The town of Calvi on the French island of Corsica was originally a Roman settlement, it was refounded by the Genoese in the 13th century who built it not at the foot of the rocky headland as the Romans had done but on top of it. The Genoese citadel still dominates the bay.
Calvi was unsuitable as a port as the sea was too shallow here, but it was an ideal site for a military garrison. It was off Calvi that the British Admiral Nelson received the shot that cost him an eye.
Today Calvi no longer lives primarily from the fishing (especially lobsters) and agriculture but has a tourist industry. It is busiest during the summer months when the tourist flock to its broad, shallow beach, lined with plane trees. It is awoken from its winter hibernation as summer comes and bursts into life with hotels and camping sites filled to capacity. The beach offers lazy days of sunbathing while the more energetic tourists don their walking boots to explore the neighbouring mountains. There are opportunities for tennis and minigolf, horse-riding and go-carting, and a thriving night-life in the bars and clubs.
Calvi is worth a visit just to look at. The citadel is a beautiful sight from a distance and the streets have a wonderful atmosphere that combines the old with the new.
A suggested walking route around Calvi:-
Begin from the railway station – just across the road is a lovely old 14th century chapel, which is raised about three metres above the newly built road. The vaulting of an even older building is now visible by the roadside where it was previously buried underground. Turning right into town along the Avenue de la Republique which quickly becomes the Boulevard Wilson, then on the left a square opens out called the Place Dr Marchal, at the far end is the Town Hall. This contains a number of beautiful paintings, including three Rubens presented by Cardinal Fesch.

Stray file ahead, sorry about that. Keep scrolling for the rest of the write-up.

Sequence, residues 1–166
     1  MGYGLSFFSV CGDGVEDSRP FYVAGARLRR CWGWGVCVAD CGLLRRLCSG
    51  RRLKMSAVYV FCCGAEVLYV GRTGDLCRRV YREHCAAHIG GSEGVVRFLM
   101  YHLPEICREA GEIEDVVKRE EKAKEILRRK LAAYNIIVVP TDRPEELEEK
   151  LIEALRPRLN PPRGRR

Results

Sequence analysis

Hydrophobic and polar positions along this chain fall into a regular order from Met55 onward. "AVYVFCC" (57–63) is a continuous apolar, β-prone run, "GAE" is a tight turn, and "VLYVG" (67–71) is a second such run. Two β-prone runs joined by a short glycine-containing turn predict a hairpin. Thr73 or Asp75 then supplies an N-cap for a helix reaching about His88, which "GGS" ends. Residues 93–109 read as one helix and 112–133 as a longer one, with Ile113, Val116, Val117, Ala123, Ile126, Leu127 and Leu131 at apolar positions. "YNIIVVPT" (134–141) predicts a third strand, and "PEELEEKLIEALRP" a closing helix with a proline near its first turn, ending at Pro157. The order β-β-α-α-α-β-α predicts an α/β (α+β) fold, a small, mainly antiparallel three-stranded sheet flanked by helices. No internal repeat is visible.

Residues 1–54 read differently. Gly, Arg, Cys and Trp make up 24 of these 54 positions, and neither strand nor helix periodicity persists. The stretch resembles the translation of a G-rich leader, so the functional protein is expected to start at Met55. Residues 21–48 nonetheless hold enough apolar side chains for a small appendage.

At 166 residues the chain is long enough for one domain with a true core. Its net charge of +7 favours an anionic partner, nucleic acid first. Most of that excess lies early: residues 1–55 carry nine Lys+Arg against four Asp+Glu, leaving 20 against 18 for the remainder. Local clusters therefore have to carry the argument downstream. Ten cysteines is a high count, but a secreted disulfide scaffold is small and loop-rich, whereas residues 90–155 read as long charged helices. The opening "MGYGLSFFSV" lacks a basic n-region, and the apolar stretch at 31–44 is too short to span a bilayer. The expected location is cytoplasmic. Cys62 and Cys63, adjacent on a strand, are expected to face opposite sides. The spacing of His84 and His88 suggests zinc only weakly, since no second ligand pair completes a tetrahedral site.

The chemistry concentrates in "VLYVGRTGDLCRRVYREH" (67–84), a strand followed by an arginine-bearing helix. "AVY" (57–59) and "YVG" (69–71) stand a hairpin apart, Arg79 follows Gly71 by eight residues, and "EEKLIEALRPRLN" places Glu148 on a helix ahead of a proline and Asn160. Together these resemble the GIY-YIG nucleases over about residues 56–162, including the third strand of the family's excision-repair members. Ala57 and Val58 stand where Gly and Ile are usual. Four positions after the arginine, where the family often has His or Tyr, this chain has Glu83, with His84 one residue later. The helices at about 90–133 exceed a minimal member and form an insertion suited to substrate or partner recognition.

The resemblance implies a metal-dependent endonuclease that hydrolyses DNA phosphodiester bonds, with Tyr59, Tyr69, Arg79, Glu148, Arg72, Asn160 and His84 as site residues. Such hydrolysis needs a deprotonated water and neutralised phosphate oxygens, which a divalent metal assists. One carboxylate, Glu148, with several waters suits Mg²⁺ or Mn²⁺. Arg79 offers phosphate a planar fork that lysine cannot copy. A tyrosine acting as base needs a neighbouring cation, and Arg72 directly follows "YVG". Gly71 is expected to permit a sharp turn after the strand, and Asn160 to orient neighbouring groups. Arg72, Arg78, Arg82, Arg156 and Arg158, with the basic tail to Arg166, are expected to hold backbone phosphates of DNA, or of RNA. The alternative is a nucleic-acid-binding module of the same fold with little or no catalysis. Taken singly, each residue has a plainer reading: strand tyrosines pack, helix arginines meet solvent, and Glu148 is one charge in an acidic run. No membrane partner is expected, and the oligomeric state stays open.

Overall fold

The Boulevard Wilson ends at the foot of the citadel, where it enters a broad square called the Place Christophe Colombe. There is a war memorial ahead.
Citadel – The ramparts of the citadel date back to 1545. The citadel is also known as Haute-Ville. The entrance was once protected by a drawbridge and portcullis. Many of the old buildings have fallen into ruin but there is a magnificent view from the top. To the east is the Bay with the hills of Balagne and the mountains beyond; to the west is the rocky peniinsula of Revellata.
Immediately to the left of the gate is the former Governor’s Palace. built in the 18th century, it is now known as the Sampiero Barracks and houses the Forgien Legion’s parachute regiment.
Behind the barracks is the 16th century cathedral of Saint John the Baptist, which stands on the highest point of the citadel. Further south towards the southern battlement is St Anthony’s Oratory. Though restored it is the only example of a Renaissance church in the whole of Corsica.
To the east of the Oratory is the old Bishop’s palace. Originally from the 15th century, it has been heavily restored and is now known as the palais Glubega. Next we come to the Maison Pacciola, which is of interest for its marble steps and window decorations.
Further round on the north side of the citadel are the remains of a house where, according to the plaque, Christopher Colombus was born in 1441.
The route returns to the war memprial by the Place Christophe Colombe. To the left are a set of steps leading down to the Rue Clemenceau, which forms the main street of the old Basse-Ville. It is narrow and lined with buildings containg shops, bars, restaurants and hotels. Flights of steps or narrow alleyways lead to the Boulevard Wilson above or the harbour below.
On the Rue Clemenceau is the 18th century church of St Mary of the Assumption. The Quai Landry goes down to the harbour and is lined with cafes and souvenir shops. To the right is the marina or the quai de plaisance where the yachts and pleasure boats dock. Brightly painted fishing houses add to the colourful scene.
Below the citadel at the end of the Quay is the Tour du Cel, a massive round 15th century tower that was once used for storing salt.
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